Tunisia’s prime minister named a new interim government on Monday and a much-hated police unit was disbanded as the interim leadership of the North African nation seeks to stabilize a country still finding its way after a popular revolt.
Tunisian Prime Minister Beji Caid Essebsi kept the heads of the key defense, interior, justice and foreign affairs ministries, but named new figures to six posts vacated last week. Some ministers who left were seen as too close to the regime of ousted Tunisian president Zine El Abidine Ben Ali. Others who resigned hope to run for office and were forced out.
Caid Essebsi reiterated that his priorities are re-establishing security, rebuilding Tunisia’s troubled economy, and bringing life back to normal in the country that has long been a tourist draw for sun-minded Europeans.
“Without security, there is no development and investors won’t come back,” he told a news conference.
Meanwhile, the Tunisian Interior Ministry announced it has abolished the dreaded State -Security Department, whose so-called political police spied on and harassed citizens under Ben Ali.
The ministry said on its Facebook page that it is dismantling the force “in accordance with the values and the principles of the revolution.”
Its disbanding has been one of the demands of the pro-democracy activists who have kept up the pressure on the interim leadership as it seeks to navigate the country into a new era, following an uprising that ousted Ben Ali on Jan. 14, which in turn sparked revolts around the Arab world.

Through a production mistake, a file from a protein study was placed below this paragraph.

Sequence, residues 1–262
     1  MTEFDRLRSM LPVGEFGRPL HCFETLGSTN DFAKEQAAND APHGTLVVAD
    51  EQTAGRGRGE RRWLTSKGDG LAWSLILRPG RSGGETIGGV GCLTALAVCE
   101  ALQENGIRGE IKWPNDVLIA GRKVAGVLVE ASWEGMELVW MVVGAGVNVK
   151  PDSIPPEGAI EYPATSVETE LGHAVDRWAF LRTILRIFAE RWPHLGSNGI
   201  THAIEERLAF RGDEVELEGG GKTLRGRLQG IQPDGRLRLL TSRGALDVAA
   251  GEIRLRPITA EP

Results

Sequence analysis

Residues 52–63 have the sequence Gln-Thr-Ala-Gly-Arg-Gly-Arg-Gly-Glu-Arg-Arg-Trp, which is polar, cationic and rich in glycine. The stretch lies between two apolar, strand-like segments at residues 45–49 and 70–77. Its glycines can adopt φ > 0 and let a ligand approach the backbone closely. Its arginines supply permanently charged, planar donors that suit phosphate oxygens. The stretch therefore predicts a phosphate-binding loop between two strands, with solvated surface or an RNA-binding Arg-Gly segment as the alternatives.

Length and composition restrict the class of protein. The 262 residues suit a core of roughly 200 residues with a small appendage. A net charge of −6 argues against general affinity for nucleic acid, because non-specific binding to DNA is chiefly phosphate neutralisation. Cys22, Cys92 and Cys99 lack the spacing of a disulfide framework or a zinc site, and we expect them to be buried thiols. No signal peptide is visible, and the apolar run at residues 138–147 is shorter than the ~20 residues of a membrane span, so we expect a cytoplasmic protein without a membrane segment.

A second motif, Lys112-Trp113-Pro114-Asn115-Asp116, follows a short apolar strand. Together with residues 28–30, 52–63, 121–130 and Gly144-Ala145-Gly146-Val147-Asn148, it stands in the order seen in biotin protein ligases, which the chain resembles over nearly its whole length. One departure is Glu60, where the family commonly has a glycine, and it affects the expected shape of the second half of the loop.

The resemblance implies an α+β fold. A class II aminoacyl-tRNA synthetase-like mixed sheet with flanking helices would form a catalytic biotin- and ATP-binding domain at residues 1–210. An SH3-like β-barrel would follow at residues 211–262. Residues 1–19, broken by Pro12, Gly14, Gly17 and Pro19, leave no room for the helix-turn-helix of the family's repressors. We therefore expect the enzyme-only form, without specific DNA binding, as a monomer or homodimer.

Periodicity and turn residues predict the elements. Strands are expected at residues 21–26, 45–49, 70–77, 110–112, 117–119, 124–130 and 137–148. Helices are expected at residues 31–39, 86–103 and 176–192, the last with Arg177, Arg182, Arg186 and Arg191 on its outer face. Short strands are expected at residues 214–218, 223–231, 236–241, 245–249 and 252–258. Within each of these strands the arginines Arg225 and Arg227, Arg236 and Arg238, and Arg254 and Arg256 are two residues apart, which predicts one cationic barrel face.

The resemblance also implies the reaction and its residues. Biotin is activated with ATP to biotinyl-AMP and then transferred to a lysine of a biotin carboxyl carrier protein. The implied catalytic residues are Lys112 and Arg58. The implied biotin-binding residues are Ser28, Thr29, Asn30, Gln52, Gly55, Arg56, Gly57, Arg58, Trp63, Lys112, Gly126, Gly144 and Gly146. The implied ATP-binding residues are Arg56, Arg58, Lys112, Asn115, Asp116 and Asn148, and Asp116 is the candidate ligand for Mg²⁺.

It also comes as Tunisia struggles to cope with tens of thousands of refugees streaming across its border from Libya.
By making the announcement on Facebook, the ministry was also sending a statement to the protesters. Under Ben Ali, Tunisian authorities suppressed independent media and political dissent, but anti-government movements mobilized on social networking sites to stage demonstrations in December and January. Many protests turned deadly, as police fired on crowds.
The 84-year-old Caid Essebsi, himself named just a week ago after his predecessor quit amid renewed protests, said the new appointments have been approved by the interim president. He had said on Friday that he would present a new Cabinet to help pull his country back from the “abyss.”
Last week, interim Tunisian President Fouad Mebazaa announced an election on July 24 for a body that will draw up a new constitution.
“We must ensure that these elections are a success and that they are honest and transparent,” Caid Essebsi said.
Electing a constituent assembly is seen as a step toward eventual presidential elections.
The prime minister said he was open to all political tendencies in a country that had known only one-party rule.
Two opposition leaders were among those who left the government last week, citing an order that ministers not run for president.
Sorbonne-educated Abderrazak Zouari was named to replace Nejib Chebbi, head of the PDP party, as regional development minister.
And US and French-trained professor Rifaat Chaabouni was promoted to minister for higher education and research, replacing Ettajdid party chief Ahmed Brahim.